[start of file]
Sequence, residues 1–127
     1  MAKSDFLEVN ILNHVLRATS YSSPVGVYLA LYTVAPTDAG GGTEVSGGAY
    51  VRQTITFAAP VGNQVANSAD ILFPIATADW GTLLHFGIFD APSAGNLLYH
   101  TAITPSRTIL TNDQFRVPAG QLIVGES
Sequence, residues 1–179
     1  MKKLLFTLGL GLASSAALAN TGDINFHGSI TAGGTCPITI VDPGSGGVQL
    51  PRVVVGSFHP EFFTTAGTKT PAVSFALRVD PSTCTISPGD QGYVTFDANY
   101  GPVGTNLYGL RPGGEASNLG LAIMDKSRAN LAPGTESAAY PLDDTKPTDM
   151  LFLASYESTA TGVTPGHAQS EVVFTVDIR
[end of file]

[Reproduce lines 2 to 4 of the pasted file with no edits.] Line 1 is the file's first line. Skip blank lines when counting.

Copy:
     1  MAKSDFLEVN ILNHVLRATS YSSPVGVYLA LYTVAPTDAG GGTEVSGGAY
    51  VRQTITFAAP VGNQVANSAD ILFPIATADW GTLLHFGIFD APSAGNLLYH
   101  TAITPSRTIL TNDQFRVPAG QLIVGES